Defense Secretary Leon Panetta Tells 60 Minutes Pakistan ‘Must’ve Had Some Sense’ Bin Laden Was In Its Midst
Over the weekend, CBS’ 60 Minutes offered an in-depth profile on Secretary of Defense Leon Panetta, a man who is, very likely, best known for his role as CIA Director — a role that saw him presiding over the covert operations that resulted in the discovery and death of Osama bin Laden. As Secretary of Defense, Panetta is the person who would be responsible for launching a nuclear missile from the so-called “Doomsday Plane” should the President give the order.
The program noted that President Barack Obama had praised Panetta during last week’s State of the Union address, praising him of having done a “good job tonight.” What as that about? As it turned out, The Navy’s SEAL Team Six had earlier rescued two hostages, including an American woman, in Somalia.
On his mind currently, the interview revealed, is Iran’s nuclear capabilities, and what would happen if that country were to build just one nuclear weapon. “The United States — and the President’s made this clear — does not want Iran to develop a nuclear weapon,” he shared. “That’s a red line for us.” And the U.S. would take whatever measures deemed necessary to stop this from happening. “There are no options that are off the table.”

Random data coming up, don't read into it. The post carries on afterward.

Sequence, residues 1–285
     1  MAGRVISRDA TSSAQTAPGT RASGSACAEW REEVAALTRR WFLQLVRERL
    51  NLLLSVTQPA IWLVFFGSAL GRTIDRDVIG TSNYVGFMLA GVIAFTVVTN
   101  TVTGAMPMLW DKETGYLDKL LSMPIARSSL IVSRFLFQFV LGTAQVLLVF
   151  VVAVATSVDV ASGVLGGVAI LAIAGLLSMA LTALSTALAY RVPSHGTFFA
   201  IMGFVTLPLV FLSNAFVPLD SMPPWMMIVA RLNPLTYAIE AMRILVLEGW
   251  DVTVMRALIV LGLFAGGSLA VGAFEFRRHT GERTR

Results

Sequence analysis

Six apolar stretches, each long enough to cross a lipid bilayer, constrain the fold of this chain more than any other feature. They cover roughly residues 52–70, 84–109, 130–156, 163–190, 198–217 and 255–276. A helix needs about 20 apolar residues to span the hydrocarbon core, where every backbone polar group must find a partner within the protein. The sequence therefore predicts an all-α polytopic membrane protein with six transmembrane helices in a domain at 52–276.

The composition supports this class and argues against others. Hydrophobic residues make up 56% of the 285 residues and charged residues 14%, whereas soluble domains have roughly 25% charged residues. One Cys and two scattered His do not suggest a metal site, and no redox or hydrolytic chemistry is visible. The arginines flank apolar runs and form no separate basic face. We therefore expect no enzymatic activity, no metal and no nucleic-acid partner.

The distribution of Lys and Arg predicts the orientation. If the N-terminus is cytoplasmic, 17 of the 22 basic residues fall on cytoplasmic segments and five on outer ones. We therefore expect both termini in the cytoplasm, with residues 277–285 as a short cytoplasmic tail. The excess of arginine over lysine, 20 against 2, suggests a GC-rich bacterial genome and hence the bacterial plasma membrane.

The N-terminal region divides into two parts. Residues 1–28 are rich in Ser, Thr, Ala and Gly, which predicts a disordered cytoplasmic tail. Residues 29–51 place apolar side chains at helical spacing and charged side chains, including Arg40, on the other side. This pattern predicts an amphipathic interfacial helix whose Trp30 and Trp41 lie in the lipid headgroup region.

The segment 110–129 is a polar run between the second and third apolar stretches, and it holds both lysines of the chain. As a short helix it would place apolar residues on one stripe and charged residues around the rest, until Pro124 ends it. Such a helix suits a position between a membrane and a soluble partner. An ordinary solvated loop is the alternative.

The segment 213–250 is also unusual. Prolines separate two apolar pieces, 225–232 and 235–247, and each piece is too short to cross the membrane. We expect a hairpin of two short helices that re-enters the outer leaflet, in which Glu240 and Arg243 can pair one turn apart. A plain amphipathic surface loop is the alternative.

Panetta still lives on the farm where he grew up, and jokes that his father told him he was ready for life in Washington thanks to his ability to “dodge all the nuts” he’d shake down from the family’s many walnut trees.
Panetta remembers being as surprised as anyone when he was tapped to oversee the CIA as its Director, particularly since much of his focus before had been on balancing the national budget. The President, he remembers, had told him that he’d needed someone who could “restore the credibility of the CIA.” One way of doing this, evidently, was ramping up efforts to find Bin Laden.
What’s remarkable is how little was actually certain when Panetta and the President decided to launch the SEAL Team Six mission into Pakistan. But Panetta was decisive about one aspect: Not working with Pakistan on the mission. “I personally have always felt,” he shared, “that somebody must have had some sense of what was happening at this compound.” There had been, he adds, Pakistani military planes seen flying over Bin Laden’s massive suburban compound, adding to his fears that, were the U.S. to loop Pakistan in on the mission, they would give the terrorist leader some sort of “heads up.” That said, Panetta is very careful to note that he doesn’t have hard evidence to back up his misgivings.
Have a look at the interview, via CBS:
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